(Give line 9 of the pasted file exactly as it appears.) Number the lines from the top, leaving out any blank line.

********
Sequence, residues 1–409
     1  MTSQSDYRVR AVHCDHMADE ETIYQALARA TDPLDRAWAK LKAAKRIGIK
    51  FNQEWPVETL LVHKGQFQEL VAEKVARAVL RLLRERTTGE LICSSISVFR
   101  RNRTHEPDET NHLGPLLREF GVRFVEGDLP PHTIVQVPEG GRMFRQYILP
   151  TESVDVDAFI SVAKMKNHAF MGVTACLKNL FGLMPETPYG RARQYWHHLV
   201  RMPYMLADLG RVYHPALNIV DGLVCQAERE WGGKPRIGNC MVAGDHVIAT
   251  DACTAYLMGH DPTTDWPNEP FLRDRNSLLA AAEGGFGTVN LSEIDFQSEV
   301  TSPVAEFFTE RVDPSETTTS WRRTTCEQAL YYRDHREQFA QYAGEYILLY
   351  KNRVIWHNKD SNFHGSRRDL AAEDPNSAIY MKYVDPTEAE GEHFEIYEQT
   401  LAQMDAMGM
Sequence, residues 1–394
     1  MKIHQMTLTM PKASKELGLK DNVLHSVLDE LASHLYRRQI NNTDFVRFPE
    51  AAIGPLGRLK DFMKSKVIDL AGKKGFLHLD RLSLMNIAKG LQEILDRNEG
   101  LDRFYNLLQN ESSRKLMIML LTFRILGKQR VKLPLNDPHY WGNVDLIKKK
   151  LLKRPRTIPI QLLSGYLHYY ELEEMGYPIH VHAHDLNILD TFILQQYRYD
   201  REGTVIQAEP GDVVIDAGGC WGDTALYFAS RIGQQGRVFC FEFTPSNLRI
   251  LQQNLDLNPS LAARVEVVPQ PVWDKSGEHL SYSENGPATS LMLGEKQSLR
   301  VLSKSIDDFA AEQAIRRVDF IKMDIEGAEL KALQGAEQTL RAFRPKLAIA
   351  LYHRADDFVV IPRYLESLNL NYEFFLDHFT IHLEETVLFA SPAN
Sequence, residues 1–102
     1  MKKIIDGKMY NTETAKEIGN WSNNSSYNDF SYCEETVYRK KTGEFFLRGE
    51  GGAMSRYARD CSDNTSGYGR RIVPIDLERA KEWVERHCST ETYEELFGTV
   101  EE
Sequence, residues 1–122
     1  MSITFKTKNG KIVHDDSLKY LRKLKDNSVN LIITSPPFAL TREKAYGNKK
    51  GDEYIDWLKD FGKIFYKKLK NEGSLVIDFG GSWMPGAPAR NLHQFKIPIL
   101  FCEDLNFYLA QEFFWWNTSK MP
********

   351  KNRVIWHNKD SNFHGSRRDL AAEDPNSAIY MKYVDPTEAE GEHFEIYEQT